Interacting with Hadoop Distributed File System (HDFS) is primarily performed from the command line using the script named hdfs. The hdfs script has the following usage:
$ hdfs COMMAND [-option <arg>]
The COMMAND argument instructs which functionality of HDFS will be used. The -option argument is the name of a specific option for the specified command, and <arg> is one or more arguments that that are specified for this option.
Common File Operations
To perform basic file manipulation operations on HDFS, use the dfs command with the hdfs script. The dfs command supports many of the same file operations found in the Linux shell.
It is important to note that the hdfs command runs with the permissions of the system user running the command. The following examples are run from a user named “hduser.”
List Directory Contents
To list the contents of a directory in HDFS, use the -ls command:
$ hdfs dfs -ls $
Running the -ls command on a new cluster will not return any results. This is because the -ls command, without any arguments, will attempt to display the contents of the user’s home directory on HDFS. This is not the same home directory on the host machine (e.g., /home/$USER), but is a directory within HDFS.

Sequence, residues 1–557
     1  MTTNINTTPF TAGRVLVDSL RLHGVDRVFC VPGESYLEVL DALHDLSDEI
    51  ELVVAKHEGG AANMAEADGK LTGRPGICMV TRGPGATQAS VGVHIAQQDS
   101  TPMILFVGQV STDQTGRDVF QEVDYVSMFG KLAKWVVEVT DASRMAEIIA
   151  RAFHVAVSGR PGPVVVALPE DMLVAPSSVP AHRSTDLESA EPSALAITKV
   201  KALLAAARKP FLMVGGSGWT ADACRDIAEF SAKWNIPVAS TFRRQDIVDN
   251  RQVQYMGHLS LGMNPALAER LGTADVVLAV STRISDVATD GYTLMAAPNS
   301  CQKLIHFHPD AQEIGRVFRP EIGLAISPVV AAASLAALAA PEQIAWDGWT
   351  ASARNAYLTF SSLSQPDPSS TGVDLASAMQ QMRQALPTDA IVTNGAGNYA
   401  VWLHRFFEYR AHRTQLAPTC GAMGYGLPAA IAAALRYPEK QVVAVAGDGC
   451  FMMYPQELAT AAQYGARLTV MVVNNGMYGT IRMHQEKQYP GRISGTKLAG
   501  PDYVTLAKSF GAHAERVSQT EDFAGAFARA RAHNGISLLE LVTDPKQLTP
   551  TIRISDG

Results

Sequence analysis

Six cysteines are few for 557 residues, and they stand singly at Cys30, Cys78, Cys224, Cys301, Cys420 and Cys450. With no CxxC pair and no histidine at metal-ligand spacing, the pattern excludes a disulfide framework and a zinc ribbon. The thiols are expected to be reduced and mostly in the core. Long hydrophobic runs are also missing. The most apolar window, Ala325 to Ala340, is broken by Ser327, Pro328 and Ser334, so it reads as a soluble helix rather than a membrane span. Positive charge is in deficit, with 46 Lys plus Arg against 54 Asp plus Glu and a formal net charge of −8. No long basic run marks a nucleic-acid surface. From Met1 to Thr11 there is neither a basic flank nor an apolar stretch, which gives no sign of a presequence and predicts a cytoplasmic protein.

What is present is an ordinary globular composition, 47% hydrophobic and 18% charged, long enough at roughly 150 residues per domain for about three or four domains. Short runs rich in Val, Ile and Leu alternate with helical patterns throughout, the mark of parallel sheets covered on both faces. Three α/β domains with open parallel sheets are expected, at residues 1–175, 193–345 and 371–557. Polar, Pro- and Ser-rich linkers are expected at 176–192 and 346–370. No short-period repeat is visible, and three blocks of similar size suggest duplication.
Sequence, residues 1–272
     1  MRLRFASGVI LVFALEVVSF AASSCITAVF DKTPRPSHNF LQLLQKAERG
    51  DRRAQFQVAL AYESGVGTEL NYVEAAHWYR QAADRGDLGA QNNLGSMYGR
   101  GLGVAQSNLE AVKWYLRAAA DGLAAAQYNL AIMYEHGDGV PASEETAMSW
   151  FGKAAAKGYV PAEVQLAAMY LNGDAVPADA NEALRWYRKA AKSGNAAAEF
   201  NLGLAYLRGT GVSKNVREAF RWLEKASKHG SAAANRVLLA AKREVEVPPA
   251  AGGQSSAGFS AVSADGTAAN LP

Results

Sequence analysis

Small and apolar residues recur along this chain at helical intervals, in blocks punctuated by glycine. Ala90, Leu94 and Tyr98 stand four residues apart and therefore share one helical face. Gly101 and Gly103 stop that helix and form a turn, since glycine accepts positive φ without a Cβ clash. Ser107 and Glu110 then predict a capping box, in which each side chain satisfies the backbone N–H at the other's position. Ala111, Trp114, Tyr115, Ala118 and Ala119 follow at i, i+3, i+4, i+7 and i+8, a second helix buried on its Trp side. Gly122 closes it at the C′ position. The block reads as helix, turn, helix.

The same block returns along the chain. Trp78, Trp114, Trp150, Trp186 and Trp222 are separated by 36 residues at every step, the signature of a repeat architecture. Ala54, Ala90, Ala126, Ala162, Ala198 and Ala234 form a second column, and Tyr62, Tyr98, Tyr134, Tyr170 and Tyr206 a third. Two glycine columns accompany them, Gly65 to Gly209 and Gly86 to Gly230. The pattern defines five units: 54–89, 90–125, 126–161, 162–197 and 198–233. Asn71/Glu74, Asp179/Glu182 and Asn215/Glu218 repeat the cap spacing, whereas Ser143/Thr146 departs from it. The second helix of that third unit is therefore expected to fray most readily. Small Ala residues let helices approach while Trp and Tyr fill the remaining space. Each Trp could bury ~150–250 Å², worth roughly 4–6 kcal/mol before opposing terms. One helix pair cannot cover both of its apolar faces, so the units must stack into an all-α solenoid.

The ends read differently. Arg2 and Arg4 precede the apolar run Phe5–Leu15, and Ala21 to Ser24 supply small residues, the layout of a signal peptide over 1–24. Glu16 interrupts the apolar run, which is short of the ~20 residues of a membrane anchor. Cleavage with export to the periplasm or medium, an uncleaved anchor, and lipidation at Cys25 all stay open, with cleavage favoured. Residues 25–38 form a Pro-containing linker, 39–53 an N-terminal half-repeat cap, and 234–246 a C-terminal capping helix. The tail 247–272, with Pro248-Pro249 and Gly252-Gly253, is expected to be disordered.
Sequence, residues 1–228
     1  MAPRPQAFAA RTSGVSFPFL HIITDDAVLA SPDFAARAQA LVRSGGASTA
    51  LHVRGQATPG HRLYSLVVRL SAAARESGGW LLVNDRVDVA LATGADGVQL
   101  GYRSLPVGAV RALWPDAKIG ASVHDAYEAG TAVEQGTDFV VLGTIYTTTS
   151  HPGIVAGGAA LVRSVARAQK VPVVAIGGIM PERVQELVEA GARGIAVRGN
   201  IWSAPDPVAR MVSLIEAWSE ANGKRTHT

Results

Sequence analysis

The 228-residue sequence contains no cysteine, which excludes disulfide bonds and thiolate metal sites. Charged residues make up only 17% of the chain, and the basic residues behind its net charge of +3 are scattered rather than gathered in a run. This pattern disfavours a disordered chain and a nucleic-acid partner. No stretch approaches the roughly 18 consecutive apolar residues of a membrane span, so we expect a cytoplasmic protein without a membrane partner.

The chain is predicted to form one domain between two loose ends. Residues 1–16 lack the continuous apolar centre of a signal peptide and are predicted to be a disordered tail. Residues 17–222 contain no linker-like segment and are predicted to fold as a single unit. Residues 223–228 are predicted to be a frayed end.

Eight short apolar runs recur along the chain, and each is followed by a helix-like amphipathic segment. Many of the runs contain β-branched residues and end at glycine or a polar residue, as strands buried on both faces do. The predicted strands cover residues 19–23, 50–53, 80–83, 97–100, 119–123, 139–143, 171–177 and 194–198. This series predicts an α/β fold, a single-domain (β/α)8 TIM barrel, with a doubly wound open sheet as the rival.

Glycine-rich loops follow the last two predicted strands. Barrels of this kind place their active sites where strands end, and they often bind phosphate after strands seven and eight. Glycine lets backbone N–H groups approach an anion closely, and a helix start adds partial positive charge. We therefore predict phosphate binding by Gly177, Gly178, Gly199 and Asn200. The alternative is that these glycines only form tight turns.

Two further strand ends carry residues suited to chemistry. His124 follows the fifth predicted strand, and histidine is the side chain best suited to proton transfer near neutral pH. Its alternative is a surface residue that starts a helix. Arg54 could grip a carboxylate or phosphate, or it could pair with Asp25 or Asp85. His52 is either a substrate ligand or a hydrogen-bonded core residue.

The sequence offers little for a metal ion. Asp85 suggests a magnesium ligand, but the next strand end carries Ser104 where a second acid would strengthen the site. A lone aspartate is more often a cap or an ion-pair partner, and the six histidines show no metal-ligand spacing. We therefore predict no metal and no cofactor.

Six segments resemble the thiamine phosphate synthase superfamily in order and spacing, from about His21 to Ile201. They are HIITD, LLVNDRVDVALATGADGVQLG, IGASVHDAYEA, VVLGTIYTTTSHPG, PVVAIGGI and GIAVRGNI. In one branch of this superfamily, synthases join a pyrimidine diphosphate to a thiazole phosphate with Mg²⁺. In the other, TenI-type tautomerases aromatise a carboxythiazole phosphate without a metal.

Providing -ls with the forward slash (/) as an argument displays the contents of the root of HDFS:
$ hdfs dfs -ls / Found 2 items drwxr-xr-x - hadoop supergroup 0 2015-09-20 14:36 /hadoop drwx------ - hadoop supergroup 0 2015-09-20 14:36 /tmp
The output provided by the hdfs dfs command is similar to the output on a Unix filesystem. By default, -ls displays the file and folder permissions, owners, and groups. The two folders displayed in this example are automatically created when HDFS is formatted.
The hadoop user is the name of the user under which the Hadoop daemons were started (e.g., NameNode and DataNode), and the supergroup is the name of the group of superusers in HDFS (e.g.,hadoop).
Reproduced from Hadoop with Python